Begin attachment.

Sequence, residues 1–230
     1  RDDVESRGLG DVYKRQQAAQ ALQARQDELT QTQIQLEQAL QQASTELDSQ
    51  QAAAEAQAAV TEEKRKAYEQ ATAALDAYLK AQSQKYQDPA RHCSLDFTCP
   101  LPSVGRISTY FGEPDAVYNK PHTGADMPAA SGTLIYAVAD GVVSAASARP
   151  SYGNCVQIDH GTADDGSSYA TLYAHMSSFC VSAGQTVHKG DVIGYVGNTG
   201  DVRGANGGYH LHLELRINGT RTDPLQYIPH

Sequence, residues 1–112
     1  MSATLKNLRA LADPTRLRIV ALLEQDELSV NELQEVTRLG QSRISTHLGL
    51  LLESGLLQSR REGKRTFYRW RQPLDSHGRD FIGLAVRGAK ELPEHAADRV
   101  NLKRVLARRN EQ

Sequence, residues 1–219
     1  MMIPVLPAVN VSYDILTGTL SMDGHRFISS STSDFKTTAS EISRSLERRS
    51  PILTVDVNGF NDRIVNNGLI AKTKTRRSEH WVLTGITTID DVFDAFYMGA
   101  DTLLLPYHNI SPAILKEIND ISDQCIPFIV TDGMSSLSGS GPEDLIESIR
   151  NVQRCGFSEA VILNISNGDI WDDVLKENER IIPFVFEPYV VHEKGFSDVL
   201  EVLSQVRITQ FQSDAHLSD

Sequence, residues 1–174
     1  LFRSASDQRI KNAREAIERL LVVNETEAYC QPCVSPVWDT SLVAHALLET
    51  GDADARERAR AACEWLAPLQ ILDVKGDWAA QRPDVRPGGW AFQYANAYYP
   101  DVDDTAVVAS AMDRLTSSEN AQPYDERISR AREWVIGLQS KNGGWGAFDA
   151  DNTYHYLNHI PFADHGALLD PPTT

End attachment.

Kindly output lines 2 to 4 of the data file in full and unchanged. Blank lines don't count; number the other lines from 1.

     1  RDDVESRGLG DVYKRQQAAQ ALQARQDELT QTQIQLEQAL QQASTELDSQ
    51  QAAAEAQAAV TEEKRKAYEQ ATAALDAYLK AQSQKYQDPA RHCSLDFTCP
   101  LPSVGRISTY FGEPDAVYNK PHTGADMPAA SGTLIYAVAD GVVSAASARP